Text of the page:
Don't wash away money in your laundry

Don't wash away money in your laundry »Play Video

SEATTLE -- If you're like most families, it seems like the laundry is always piled up. The cost of keeping everyone in clean clothes can really add up.  But there are some easy steps to follow to save you real money.

 Number one, don't overdo the detergent.

Consumer Reports says laundry soaps are now super concentrated, so if you put too much in, you're not just wasting soap but also water, since it can trigger an extra rinse cycle.

"It takes longer to do your laundry and it wastes water. Very often you can't even see the lines in the cap," said Pat Slaven with Consumer Reports.

So Slaven suggests you use masking tape or permanent marker to mark it yourself to use exactly the amount you need.

 Money waster number 2?  The Hot Cycle.  Consumer Reports found up to 90 percent of the energy spent on a wash load is for heating the water.

Number 3; avoid small loads.  Wait until you have a full load to start the machine.

 Then when you transfer to the dryer, don't set it for timed drying.  Instead choose the auto dry so your machine's sensor decides when the clothes are dry.  And always be sure to use the highest spin cycle for the fabric washed.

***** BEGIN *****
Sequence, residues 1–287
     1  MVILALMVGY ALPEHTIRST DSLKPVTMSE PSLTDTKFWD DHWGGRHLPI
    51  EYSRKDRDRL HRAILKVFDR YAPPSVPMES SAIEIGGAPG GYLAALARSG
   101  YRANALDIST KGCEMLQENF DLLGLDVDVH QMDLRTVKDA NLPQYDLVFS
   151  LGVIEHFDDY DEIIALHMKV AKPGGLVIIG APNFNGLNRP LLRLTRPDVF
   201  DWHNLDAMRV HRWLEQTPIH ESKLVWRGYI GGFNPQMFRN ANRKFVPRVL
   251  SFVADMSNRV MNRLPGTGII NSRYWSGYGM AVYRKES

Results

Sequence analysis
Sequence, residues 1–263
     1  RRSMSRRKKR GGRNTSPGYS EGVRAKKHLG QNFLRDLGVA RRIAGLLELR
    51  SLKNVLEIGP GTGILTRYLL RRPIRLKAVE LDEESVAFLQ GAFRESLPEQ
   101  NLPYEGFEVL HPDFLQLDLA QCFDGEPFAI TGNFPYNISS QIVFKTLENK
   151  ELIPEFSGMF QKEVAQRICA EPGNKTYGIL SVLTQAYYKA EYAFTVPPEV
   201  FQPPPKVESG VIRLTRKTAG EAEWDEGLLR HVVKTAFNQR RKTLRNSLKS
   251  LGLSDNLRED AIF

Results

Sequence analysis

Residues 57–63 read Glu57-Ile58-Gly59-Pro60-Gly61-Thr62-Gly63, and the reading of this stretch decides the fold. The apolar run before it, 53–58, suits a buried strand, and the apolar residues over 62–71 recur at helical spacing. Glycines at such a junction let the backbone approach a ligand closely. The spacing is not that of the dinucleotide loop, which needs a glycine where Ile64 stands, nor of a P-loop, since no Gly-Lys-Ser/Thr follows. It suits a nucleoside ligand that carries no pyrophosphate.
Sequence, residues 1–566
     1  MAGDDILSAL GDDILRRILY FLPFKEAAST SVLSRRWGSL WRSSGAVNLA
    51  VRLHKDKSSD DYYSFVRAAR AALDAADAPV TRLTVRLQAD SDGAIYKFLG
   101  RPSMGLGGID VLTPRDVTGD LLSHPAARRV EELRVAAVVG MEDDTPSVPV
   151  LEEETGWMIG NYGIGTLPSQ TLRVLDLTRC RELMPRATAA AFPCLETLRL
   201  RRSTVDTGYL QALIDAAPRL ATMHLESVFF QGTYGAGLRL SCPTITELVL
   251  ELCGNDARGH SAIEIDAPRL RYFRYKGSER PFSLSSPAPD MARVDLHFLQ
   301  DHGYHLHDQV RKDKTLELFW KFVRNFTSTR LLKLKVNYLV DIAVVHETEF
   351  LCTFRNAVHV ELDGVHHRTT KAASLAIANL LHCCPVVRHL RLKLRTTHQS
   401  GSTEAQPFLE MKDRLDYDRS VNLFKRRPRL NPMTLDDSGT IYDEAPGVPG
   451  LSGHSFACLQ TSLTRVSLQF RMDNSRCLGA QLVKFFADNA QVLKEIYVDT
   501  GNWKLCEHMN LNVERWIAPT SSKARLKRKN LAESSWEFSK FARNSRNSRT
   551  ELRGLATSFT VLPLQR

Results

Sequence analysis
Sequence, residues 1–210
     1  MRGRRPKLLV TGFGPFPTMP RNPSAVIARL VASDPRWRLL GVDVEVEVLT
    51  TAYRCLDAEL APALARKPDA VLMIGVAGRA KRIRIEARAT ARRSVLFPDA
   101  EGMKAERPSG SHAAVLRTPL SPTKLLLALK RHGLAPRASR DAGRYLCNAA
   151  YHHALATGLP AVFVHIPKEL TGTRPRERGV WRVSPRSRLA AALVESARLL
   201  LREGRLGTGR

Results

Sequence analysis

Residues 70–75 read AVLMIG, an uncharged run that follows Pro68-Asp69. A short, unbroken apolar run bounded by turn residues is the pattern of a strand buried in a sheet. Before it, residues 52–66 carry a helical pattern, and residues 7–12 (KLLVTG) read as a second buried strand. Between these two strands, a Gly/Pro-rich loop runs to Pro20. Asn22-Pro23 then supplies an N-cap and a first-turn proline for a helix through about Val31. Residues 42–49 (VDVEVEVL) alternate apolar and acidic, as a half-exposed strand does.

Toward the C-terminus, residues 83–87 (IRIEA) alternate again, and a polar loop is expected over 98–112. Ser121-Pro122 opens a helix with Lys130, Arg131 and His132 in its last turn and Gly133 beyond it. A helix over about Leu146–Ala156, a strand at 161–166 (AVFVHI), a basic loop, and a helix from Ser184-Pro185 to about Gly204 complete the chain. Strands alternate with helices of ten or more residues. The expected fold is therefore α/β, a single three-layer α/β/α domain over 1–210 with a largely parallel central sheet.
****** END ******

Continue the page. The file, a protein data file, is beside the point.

"This reduces the amount of moisture in your clothes," Slavin said. "Then your dryer will have less work to do, and save you energy."

 When you get to the dryer, be sure to look for dirty sensors.  Fabric Softeners can gum these up, so you’ll want to use rubbing alcohol once a month to clean them.

Finally, when you are gathering up clothing to create a full load, make sure you don’t stuff everything in there at once.  It is more energy efficient to wash and dry similar items together, like a local of just jeans or t-shirts, so everything will dry evenly.  And of course never forget to clean out the lint trap, so that clothes dry faster; that too will save you.

The average family does 400 loads of laundry a year.  Savings experts say these tips can save you about 70 cents per load, adding up to a whopping $280 a year.